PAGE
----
The Brands and flavors I ended up with are:
- Mountain House – Chili Mac with Beef
- Peak Refuel – Chicken Pesto Pasta
- AlpineAire – Sweet Potato Chicken and Rice
- Backpackers Pantry – Fettuccini Alfredo with Chicken
- Good To Go – Marinara with Penne
- Heather’s Choice – Mom’s Spaghetti with Beef and Marinara Sauce
- Next Mile Meals – Italian Meatball
- PackitGormet – Dotties Chicken and Dumpling
In September, a group of us are heading into the woods for a 5-day backpack hunt for Colombian Blacktail where I am going to be eating these meals to give them a real world taste test comparison. Part two of this article will happen right after that hunt and will focus on how each one tastes, the finished texture (no one wants crunchy or soupy), and how it makes me feel that night and the day after. Since this is a backpack hunt into an area where water is scarce, temps are high, and there will no doubt be a lot of walking, part one is going to focus on all the different weights, packaging, and nutritional facts that should be the minimum of what you look for when selecting your meals.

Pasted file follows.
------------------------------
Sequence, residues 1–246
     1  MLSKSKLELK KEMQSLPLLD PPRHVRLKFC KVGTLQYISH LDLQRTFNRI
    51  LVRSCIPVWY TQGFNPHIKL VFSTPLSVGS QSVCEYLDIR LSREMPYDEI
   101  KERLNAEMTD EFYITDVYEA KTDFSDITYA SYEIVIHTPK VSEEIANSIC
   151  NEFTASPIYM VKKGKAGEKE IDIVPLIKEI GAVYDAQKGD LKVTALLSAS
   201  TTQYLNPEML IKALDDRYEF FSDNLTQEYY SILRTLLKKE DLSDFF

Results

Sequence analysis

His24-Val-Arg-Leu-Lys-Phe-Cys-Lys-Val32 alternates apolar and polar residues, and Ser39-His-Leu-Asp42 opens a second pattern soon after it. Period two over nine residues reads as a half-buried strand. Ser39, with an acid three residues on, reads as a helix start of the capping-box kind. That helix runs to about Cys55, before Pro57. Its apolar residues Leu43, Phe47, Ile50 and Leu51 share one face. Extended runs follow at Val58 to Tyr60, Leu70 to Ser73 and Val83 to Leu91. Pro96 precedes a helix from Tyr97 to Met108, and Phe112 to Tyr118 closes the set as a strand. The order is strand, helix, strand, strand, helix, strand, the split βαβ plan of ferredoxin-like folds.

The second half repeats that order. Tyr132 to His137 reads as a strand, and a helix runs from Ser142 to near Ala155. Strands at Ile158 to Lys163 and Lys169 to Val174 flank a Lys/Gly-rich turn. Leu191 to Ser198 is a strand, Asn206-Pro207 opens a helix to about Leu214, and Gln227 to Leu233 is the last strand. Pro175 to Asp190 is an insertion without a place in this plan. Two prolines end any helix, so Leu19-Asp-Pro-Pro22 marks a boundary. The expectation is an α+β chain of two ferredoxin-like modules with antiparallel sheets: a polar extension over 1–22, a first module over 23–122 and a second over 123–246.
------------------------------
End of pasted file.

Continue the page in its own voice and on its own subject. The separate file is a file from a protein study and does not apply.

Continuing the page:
Packaging & Weight
When all of your gear is loaded into your pack, weight and volume of your food is important to make sure you have plenty of space for the rest of your gear. If the packaging is too bulky or full of air it will take up unnecessary space and add unwanted weight to your pack. Trimming the packaging can sometimes help, but it never really makes that much of a difference. Something that gives a good indication of the ratio of weight to nutrition is calories per ounce. This compares the total weight of the meal to calories, and gives a strong indication of the “worth” of the meal.
Like I had mentioned before, I am no expert in nutrition, but even knowledge of the basics here can save you in the field. The biggest culprits here I am paying attention to are sodium, calories, and protein. On a lot of hunts, water can be hard to come by or require a trek to get to. Watching your sodium level will help prevent any further dehydration than you will already have. Excessive salt levels will leave you feeling thirsty and the last thing you want to have to do is go get more water and divert your attention away from the hunt. You do need some sodium but excess can lead to cramping, fatigue, and chugging all of your precious water.